Health and Safety News

Occupational health and safety news and guidance

First aid in the office: why it’s important

Photo shows a hand holding a metal heartIn the UK alone, there is a killer responsible for the deaths of 140,000 people each year. It is a spree unrivalled by any other in the country.

That killer is Sudden Cardiac Arrest.

The statistic is shocking. It establishes a morbid tone, certainly, but Sudden Cardiac Arrest (SCA) need not take so many lives. There are ways to prevent it. We can intervene.

The Workplace

The office can often seem like a fairly uneventful place. But amidst the lethargic drone of printers and the rhythmic rattle of keyboards, SCA can occur at any moment.

A lot of companies may point out that they have never had an incident of Sudden Cardiac Arrest. That’s good news, but it doesn’t make them invulnerable.

Though buildings might never burn down, it still makes sense to fireproof them as best as possible. Civil engineers spend their lives securing builds that will never burn down; that doesn’t make them unreasonable.

For the same reason, you need to ensure your workforce are equipped to deal with first aid issues in the workplace. According to St John Ambulance, SCA isn’t the only preventable cause of death in the workplace; asphyxiation takes the lives of approximately 25,000 people as well, due to a lack of available first aid.


Training your staff is not a chore that will bore its way into your personal timetable. Organisations like St John Ambulance and the British Red Cross offer comprehensive courses at times that suit you, for a very reasonable fee.

A full first aid training course lasts around three days, with re-qualification programs taking two. For emergency first aid only, courses take only a day to complete.

Experts suggest that low-risk workplaces (offices, shops, libraries) train at least one member of staff per hundred. In higher risk workplaces (food processing, warehouses), the suggested ratio increases to one first aider per fifty employees.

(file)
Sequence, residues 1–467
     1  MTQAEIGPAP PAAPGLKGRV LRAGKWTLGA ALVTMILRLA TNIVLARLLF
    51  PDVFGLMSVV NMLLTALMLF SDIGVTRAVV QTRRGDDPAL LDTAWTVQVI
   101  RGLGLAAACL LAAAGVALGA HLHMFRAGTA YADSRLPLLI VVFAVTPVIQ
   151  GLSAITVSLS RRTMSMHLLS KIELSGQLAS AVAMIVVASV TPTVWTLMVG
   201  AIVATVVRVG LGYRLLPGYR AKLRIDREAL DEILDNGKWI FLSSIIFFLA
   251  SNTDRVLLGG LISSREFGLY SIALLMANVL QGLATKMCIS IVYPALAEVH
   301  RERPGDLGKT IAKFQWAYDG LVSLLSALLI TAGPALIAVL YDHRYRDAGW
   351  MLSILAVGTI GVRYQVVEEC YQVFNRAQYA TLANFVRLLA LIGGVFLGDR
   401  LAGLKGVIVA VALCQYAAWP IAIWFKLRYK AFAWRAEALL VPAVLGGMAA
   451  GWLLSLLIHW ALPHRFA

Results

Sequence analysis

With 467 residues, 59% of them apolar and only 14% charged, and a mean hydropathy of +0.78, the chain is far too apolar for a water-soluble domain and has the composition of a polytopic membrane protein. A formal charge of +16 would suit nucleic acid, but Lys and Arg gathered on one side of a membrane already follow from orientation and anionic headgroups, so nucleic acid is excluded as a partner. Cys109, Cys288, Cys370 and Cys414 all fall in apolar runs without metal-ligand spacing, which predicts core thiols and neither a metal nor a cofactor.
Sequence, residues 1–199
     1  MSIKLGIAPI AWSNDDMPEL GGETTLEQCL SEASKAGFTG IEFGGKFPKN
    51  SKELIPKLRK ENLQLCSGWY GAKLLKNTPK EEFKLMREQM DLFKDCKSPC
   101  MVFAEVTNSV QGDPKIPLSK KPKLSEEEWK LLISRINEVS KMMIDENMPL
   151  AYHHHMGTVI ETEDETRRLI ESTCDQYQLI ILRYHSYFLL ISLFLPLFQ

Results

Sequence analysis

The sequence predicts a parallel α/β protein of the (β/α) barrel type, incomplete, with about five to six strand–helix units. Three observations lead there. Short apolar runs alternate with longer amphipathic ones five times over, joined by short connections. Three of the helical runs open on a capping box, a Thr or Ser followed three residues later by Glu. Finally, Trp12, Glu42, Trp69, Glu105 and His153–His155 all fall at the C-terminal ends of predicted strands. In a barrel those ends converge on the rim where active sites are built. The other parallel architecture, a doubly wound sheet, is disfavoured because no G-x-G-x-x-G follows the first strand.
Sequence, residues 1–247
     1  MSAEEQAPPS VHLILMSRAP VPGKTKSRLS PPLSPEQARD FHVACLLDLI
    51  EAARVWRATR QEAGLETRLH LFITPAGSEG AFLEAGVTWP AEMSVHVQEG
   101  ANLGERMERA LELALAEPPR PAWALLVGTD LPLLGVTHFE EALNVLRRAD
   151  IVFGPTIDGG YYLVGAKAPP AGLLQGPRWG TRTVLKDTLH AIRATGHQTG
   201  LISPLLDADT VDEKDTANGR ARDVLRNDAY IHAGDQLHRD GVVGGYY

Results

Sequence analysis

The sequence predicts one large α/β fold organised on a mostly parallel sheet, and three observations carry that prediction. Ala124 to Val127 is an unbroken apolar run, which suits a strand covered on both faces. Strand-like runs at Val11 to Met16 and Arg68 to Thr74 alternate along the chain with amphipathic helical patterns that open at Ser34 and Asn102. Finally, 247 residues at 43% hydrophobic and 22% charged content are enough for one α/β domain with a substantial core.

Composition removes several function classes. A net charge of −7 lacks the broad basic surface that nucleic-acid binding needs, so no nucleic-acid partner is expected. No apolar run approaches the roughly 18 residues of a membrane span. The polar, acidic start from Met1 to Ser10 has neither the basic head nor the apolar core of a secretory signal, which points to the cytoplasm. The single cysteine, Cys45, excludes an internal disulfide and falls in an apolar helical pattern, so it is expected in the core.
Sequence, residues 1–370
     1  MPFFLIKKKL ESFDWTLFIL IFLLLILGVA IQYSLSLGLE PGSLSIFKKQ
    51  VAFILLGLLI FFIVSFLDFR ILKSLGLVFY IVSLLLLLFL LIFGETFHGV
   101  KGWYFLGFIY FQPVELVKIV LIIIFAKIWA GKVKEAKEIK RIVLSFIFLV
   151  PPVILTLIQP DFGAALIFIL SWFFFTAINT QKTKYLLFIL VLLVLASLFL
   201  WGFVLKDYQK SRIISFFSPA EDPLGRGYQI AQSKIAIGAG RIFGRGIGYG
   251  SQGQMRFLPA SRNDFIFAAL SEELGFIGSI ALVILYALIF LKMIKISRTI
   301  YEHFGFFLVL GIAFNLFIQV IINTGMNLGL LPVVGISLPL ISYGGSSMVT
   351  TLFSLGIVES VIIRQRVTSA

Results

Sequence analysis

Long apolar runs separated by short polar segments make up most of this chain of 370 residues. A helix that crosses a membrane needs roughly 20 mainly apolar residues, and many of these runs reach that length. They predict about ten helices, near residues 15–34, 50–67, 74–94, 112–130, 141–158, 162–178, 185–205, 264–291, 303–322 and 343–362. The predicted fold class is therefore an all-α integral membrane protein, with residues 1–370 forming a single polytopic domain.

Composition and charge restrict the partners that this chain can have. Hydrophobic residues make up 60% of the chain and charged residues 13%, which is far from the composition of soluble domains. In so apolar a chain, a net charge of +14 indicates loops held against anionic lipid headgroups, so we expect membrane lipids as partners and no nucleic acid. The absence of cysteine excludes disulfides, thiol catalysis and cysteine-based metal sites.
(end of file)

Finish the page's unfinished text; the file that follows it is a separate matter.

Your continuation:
CPR is an effective way of buying time for the emergency services to arrive, but it cannot save an employee who is suffering from SCA.

According to Martek Medical, the chance of survival for someone suffering from cardiac arrest drops by 10% for every minute without defibrillation. Very few survive a period of longer than ten minutes without attempts at resuscitation.

The good news is that the odds of survival in cardiac arrest patients shoots up to nearly 70% when defibrillators are used within the first three minutes of an attack.

You don’t necessarily need to train staff to use Automated External Defibrillators (AEDs), but training is recommended. Defibrillation is not covered in a standard First Aid at Work (FAW) course, but AED courses are available. They generally only last around four hours.

Procuring AEDs

AEDs are the best way to overcome this problem in the workplace. They are extremely easy to use, designed to facilitate resuscitation even if the user has little to no prior knowledge of how to use it.

Some employers may be worried that if a defibrillator is used unsuccessfully in their workplace, they may be held liable. In truth, the only cases in which employers have been held accountable for these deaths have been when AEDs have not been supplied in the workplace.

AEDs are available from independent suppliers for varying prices. Some plans cater for leasing the AED, where set payments are made over three to five years; others offer a Hire Purchase plan. Over five years, AEDs work out at little more than £200 per year, a small price to pay to save the lives of your employees.

Author Bio

Kristin Hodgkinson is the digital marketing manager for Direct365 - a facilities management and business products specialist.

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